‘The Way We Were’ adds a new chapter to its bittersweet romantic legacy

It’s one of the most romantic films ever made . . . even if the romance turns bittersweet. This year marks the 50th anniversary of the release of The Way We Were,  and what better way to celebrate all things Katie and Hubbell than with a marvelous book about the film, its stars, their chemistry and its long-lived appeal that with a gossipy book: Robert Hofler’s The Way They Were: How Epic Battles and Bruised Egos Brought a Classic Hollywood Love Story to the Screen ($28, Citadel ).

We spent a few minutes with the author and asked him a few questions about the book and the way they were . . . and remain.

How easy (or difficult) was it to get to Barbra Streisand and Robert Redford? What question(s) did she/he refuse to answer?
My interviews with Streisand and Redford were conducted via email. They answered my questions. When I had done more research on the book, I went back to both of them with more questions and they graciously provided answers.

Many people who worked on the movie have passed away. Who else were you able to speak to?
Fortunately, I was able to speak to [director] Sydney Pollack and [writer] Arthur Laurents about the film when they were still with us. Those interviews are referred to in my book’s epilogue. Regarding those principals who are still alive, I was very fortunate in speaking to everyone I wanted to.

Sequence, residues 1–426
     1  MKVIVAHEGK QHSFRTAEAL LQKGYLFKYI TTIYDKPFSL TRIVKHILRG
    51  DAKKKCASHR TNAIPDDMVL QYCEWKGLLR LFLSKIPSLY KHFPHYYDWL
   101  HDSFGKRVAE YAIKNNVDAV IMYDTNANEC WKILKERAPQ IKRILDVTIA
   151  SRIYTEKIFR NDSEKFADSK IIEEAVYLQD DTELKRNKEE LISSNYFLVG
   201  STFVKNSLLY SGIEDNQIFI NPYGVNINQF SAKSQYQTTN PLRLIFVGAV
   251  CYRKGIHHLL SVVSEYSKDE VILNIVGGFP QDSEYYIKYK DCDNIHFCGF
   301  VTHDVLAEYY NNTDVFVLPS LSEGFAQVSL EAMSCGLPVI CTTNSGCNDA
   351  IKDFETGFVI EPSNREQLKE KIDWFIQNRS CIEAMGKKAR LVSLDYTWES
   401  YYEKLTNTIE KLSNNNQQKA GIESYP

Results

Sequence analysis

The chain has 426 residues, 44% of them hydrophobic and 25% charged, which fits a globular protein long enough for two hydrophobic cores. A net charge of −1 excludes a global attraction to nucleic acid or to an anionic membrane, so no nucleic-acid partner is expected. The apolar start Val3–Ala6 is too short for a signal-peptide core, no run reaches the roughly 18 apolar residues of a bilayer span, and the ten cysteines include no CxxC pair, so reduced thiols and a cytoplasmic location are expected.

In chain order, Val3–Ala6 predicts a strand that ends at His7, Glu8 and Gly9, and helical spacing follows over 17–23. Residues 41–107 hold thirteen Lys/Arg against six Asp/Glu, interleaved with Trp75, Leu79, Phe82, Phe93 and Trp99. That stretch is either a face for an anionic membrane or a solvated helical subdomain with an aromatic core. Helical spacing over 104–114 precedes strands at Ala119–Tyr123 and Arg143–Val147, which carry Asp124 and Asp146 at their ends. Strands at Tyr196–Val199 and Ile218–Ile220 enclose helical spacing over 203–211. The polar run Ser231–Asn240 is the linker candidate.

Although people want to talk about Streisand and Redford, I found my interviews with assistant director Hawk Koch, second assistant director Michael Britton, script consultant Judith Rascoe, and, above all, editor John F. Burnett very significant and insightful. Former friends and associates of Arthur Laurents, like Ashley Feinstein and Zvi Howard Rosenman, were also essential.

Legacy has it that the film is being reconstructed . . .
To my knowledge the film is not being reconstructed. I know that Streisand wants to add two scenes that were cut after the first preview in San Francisco. I doubt she is going to be successful in that quest.

What did you learn after your research on the film that you did not know?
I did not know that Streisand wanted to add those scenes for a rerelease. Also, I learned that it is very unlikely that  Arthur Laurents was ever blacklisted. He might have been “graylisted.” In 1955, he was staying at the Chateau Marmont on the dime of MGM working on a film musical with Jerome Robbins. My book explores many issues that Laurents misrepresented in his memoir Original Story By.

There happens to be another book on the exact same subject…
I have not read the other book on The Way We Were and I have no comment to make on it.